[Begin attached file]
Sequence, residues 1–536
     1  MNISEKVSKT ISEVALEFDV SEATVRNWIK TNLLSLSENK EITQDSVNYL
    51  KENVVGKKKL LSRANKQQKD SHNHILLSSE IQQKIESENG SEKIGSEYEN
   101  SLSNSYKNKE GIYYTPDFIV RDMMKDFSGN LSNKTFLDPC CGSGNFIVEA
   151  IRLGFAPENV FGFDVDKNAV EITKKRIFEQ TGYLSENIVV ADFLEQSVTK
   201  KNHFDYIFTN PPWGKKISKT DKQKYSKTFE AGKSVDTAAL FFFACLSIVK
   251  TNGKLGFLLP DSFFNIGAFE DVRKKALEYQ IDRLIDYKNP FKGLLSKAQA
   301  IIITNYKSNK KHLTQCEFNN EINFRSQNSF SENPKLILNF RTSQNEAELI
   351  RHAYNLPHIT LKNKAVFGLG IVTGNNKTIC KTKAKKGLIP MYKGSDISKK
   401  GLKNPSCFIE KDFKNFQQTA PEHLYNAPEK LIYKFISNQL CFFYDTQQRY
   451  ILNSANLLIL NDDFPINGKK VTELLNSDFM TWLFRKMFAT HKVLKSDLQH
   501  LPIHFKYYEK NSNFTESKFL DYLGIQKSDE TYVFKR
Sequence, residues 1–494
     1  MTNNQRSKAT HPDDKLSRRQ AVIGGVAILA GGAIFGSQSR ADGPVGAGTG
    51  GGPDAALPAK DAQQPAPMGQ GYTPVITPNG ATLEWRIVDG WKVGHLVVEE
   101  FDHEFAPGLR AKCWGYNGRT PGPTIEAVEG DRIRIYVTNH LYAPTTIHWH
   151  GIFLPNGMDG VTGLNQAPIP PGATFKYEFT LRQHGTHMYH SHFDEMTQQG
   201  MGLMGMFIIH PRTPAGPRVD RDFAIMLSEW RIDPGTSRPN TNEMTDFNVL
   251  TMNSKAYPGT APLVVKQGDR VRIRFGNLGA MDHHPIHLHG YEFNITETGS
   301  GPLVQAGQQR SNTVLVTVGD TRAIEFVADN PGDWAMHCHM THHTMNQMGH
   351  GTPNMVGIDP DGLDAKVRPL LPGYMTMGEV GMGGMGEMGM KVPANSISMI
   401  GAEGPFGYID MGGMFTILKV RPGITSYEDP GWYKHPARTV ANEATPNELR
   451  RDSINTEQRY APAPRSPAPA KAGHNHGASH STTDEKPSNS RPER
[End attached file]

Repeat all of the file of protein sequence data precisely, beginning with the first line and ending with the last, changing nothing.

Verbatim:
Sequence, residues 1–536
     1  MNISEKVSKT ISEVALEFDV SEATVRNWIK TNLLSLSENK EITQDSVNYL
    51  KENVVGKKKL LSRANKQQKD SHNHILLSSE IQQKIESENG SEKIGSEYEN
   101  SLSNSYKNKE GIYYTPDFIV RDMMKDFSGN LSNKTFLDPC CGSGNFIVEA
   151  IRLGFAPENV FGFDVDKNAV EITKKRIFEQ TGYLSENIVV ADFLEQSVTK
   201  KNHFDYIFTN PPWGKKISKT DKQKYSKTFE AGKSVDTAAL FFFACLSIVK
   251  TNGKLGFLLP DSFFNIGAFE DVRKKALEYQ IDRLIDYKNP FKGLLSKAQA
   301  IIITNYKSNK KHLTQCEFNN EINFRSQNSF SENPKLILNF RTSQNEAELI
   351  RHAYNLPHIT LKNKAVFGLG IVTGNNKTIC KTKAKKGLIP MYKGSDISKK
   401  GLKNPSCFIE KDFKNFQQTA PEHLYNAPEK LIYKFISNQL CFFYDTQQRY
   451  ILNSANLLIL NDDFPINGKK VTELLNSDFM TWLFRKMFAT HKVLKSDLQH
   501  LPIHFKYYEK NSNFTESKFL DYLGIQKSDE TYVFKR
Sequence, residues 1–494
     1  MTNNQRSKAT HPDDKLSRRQ AVIGGVAILA GGAIFGSQSR ADGPVGAGTG
    51  GGPDAALPAK DAQQPAPMGQ GYTPVITPNG ATLEWRIVDG WKVGHLVVEE
   101  FDHEFAPGLR AKCWGYNGRT PGPTIEAVEG DRIRIYVTNH LYAPTTIHWH
   151  GIFLPNGMDG VTGLNQAPIP PGATFKYEFT LRQHGTHMYH SHFDEMTQQG
   201  MGLMGMFIIH PRTPAGPRVD RDFAIMLSEW RIDPGTSRPN TNEMTDFNVL
   251  TMNSKAYPGT APLVVKQGDR VRIRFGNLGA MDHHPIHLHG YEFNITETGS
   301  GPLVQAGQQR SNTVLVTVGD TRAIEFVADN PGDWAMHCHM THHTMNQMGH
   351  GTPNMVGIDP DGLDAKVRPL LPGYMTMGEV GMGGMGEMGM KVPANSISMI
   401  GAEGPFGYID MGGMFTILKV RPGITSYEDP GWYKHPARTV ANEATPNELR
   451  RDSINTEQRY APAPRSPAPA KAGHNHGASH STTDEKPSNS RPER